"Whatever the shortcomings of the Foreign Intelligence Surveillance Act oversight system, at least there is, theoretically, a check on the agency’s activities. But in New York City, for Muslim citizens and activists of many stripes, there is no such outside system meant to safeguard their privacy. The NYPD conducts its oversight in-house. City Hall doesn’t review intelligence programs the way Congress does. Courts can step in to settle questions about constitutionality, but only if somebody finds out about programs that are designed to remain secret forever.

In 2010, the Demographics Unit was renamed the Zone Assessment Unit over fears about how the title would be perceived if it leaked out. But rakers still troll Muslim neighborhoods, filing an average of four new reports every day, searching for hot spots. The Muslim community is marbled with fear, afraid to speak openly because an informant could be lurking near.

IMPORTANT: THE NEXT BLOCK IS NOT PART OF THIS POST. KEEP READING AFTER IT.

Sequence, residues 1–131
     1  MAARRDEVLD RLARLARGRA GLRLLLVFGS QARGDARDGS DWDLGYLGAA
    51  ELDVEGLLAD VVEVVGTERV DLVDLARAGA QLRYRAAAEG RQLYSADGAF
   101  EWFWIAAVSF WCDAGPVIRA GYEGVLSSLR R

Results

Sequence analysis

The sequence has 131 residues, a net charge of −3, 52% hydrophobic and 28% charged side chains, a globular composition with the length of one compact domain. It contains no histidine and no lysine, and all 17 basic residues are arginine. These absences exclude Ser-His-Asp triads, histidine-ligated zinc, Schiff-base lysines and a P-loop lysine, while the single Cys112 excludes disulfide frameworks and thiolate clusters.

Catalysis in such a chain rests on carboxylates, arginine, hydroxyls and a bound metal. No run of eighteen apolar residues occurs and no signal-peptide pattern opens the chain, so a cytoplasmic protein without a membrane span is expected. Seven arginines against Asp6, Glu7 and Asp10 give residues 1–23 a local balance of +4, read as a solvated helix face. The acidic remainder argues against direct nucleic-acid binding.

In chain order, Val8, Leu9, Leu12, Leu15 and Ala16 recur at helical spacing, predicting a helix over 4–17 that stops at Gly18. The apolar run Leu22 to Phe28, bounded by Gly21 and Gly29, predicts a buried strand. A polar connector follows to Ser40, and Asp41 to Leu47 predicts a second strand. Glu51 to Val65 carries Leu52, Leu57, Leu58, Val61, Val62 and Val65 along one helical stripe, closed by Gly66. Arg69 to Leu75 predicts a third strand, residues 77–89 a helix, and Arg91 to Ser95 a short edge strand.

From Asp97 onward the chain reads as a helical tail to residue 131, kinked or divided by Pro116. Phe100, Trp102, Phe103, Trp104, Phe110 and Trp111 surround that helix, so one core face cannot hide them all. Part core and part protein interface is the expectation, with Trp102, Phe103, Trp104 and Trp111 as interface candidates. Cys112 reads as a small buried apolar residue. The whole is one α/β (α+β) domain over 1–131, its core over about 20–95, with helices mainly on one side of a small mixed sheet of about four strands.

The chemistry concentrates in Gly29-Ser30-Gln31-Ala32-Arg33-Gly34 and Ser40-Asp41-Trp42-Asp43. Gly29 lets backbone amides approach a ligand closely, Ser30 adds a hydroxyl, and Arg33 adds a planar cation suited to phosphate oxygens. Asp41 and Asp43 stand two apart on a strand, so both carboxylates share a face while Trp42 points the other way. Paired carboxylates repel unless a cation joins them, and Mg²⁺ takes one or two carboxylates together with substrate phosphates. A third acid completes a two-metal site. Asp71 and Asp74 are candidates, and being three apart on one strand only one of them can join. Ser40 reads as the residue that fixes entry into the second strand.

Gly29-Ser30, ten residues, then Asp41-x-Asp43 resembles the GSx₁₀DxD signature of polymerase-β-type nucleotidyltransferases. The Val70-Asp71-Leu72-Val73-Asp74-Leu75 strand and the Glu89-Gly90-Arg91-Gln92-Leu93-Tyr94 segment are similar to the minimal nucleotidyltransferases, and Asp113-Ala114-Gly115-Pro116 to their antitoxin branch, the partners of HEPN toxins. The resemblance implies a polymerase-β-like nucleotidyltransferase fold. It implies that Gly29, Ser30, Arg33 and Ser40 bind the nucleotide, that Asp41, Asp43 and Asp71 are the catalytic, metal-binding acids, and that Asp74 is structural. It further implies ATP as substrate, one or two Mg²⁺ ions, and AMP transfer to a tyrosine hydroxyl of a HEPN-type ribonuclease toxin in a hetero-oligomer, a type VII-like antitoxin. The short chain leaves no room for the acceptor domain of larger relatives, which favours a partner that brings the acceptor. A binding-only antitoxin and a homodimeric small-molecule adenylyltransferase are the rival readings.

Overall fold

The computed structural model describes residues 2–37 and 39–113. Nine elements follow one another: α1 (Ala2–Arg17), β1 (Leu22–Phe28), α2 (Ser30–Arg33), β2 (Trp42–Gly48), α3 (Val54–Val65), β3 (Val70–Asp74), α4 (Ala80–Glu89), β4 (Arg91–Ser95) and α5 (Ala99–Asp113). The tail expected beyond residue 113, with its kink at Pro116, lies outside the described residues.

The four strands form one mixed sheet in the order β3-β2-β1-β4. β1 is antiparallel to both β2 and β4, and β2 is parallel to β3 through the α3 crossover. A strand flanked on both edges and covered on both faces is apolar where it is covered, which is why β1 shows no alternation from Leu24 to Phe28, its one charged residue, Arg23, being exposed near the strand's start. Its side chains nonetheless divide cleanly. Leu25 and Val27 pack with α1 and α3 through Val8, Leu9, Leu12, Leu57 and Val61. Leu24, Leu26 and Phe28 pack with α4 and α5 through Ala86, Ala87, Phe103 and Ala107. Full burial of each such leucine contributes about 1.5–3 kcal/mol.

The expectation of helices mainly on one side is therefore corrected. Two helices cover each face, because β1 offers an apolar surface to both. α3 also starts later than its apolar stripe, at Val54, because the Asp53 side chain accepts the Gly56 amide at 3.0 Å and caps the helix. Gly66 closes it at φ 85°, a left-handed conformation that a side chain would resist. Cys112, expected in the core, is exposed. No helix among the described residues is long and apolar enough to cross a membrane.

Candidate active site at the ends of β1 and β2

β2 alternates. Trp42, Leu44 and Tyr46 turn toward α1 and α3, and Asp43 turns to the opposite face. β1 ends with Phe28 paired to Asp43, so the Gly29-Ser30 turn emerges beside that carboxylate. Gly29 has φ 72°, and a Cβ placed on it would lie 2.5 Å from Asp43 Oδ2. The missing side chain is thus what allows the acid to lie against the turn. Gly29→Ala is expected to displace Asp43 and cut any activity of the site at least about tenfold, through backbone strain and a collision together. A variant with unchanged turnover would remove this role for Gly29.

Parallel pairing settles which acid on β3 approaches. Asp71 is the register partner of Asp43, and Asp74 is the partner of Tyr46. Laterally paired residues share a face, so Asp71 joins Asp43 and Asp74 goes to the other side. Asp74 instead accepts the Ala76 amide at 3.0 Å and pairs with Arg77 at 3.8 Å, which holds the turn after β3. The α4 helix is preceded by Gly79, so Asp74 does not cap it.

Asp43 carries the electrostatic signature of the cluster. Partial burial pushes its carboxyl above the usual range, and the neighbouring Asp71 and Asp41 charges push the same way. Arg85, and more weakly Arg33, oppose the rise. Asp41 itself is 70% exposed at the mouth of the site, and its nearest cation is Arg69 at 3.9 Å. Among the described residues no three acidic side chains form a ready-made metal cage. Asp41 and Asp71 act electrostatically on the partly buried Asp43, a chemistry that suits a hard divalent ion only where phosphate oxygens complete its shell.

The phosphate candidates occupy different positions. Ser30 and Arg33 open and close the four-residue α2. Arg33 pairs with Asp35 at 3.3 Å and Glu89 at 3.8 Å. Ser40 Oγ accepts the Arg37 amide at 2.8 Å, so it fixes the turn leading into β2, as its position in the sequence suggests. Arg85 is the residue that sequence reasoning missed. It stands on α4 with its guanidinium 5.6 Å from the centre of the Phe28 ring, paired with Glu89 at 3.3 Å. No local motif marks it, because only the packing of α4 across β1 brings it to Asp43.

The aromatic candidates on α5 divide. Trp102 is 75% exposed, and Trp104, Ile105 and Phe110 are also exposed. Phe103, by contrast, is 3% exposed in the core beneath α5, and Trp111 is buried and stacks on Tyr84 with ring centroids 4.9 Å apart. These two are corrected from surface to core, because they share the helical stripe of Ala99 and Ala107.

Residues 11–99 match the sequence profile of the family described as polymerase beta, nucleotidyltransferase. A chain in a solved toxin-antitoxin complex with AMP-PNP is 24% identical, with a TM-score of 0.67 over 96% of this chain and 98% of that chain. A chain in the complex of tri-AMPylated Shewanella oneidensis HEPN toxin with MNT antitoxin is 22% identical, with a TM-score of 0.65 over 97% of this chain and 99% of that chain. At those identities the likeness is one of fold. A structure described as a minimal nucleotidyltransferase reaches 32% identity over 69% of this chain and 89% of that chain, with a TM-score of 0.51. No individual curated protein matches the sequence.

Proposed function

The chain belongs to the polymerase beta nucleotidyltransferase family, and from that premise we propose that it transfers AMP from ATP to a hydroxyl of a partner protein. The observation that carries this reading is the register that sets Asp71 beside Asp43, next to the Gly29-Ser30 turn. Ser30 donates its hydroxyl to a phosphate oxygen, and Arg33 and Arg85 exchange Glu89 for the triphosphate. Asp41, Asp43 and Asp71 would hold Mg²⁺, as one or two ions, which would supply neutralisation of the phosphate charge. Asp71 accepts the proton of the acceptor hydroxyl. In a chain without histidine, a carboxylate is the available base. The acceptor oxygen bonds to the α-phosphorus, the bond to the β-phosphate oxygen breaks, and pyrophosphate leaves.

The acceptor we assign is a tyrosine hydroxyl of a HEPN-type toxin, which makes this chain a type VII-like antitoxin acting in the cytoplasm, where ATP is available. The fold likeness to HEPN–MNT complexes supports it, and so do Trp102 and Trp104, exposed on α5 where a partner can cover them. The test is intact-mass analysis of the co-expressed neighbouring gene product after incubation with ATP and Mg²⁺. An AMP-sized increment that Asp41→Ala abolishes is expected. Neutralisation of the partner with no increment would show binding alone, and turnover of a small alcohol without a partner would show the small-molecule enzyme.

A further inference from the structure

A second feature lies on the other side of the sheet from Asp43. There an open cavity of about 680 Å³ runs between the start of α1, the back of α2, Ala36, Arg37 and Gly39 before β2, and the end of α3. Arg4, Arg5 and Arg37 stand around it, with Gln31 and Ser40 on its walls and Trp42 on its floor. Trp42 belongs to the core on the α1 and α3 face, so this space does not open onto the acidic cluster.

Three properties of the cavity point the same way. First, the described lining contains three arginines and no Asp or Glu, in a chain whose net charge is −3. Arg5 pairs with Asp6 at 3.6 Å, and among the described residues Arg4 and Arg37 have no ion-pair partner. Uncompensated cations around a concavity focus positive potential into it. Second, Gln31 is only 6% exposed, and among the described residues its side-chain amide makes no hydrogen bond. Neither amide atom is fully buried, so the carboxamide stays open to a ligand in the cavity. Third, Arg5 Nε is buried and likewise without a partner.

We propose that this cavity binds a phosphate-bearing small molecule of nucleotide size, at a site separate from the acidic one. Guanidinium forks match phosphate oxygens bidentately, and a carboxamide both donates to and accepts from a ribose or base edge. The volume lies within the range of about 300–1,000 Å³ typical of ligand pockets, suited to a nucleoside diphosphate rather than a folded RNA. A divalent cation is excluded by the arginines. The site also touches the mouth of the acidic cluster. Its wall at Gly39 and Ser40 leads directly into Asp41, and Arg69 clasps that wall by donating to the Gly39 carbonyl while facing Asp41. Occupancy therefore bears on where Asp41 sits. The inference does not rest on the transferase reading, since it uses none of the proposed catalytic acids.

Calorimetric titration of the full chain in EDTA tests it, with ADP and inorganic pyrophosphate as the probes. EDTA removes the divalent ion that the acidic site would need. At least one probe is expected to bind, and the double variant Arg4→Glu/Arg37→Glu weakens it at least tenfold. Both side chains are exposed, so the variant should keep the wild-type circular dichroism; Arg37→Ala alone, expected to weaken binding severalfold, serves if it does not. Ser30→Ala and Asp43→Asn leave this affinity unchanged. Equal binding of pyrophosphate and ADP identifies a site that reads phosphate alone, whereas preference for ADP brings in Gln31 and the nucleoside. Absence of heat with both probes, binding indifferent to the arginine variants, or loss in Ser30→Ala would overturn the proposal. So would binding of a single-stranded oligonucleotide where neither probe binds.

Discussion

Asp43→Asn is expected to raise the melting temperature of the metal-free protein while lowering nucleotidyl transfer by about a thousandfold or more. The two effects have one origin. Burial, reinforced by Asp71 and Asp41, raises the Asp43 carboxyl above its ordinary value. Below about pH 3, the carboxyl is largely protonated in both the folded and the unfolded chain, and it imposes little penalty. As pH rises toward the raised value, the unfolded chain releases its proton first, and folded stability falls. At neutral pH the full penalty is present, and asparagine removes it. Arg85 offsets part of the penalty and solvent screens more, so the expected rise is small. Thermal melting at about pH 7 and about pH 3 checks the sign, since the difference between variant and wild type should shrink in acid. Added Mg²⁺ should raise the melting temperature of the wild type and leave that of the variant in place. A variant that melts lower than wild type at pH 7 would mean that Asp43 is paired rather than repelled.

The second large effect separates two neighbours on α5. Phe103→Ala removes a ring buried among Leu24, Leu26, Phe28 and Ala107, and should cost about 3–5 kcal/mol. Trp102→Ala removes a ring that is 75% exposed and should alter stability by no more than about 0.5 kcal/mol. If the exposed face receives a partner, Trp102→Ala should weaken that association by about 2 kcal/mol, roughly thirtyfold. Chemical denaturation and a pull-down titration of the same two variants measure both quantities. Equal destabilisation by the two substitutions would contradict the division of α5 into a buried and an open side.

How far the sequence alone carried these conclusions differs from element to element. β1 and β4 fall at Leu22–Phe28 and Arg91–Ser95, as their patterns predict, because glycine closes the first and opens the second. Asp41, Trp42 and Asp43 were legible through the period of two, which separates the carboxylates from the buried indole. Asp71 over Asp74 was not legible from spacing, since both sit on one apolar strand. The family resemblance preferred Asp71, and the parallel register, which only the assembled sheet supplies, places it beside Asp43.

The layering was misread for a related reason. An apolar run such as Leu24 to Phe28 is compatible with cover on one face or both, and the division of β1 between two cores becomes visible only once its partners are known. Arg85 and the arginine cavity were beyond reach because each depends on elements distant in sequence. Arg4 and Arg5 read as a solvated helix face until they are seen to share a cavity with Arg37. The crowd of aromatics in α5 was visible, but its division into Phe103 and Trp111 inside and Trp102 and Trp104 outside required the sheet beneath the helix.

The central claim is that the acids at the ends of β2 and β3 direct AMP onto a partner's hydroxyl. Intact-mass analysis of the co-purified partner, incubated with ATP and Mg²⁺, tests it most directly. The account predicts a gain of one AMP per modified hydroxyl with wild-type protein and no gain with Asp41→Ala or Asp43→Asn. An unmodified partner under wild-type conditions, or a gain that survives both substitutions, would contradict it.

Kelly is unapologetic. Like the department’s use of the tactic known as stop-and-frisk, raking is a tactic Kelly maintains is legal. He said the program is operating just as it always has. “Nothing” has changed, Kelly boasted to The Wall Street Journal earlier this year.

In many ways, Ray Kelly has been a remarkably successful commissioner—but when it mattered most, the Demographics Unit was a failure as a matter of police work. And now, the lawyers in the Handschu case [which resulted in the original prohibition of the NYPD spying on people not suspected of crimes] have returned to court, arguing that Kelly and Cohen, in their effort to keep the city safe, have crossed constitutional lines. Regardless of the outcome, the NYPD’s programs are likely to join waterboarding, secret prisons, and NSA wiretapping as emblems of post-9/11 America, when security justified many practices that would not have been tolerated before."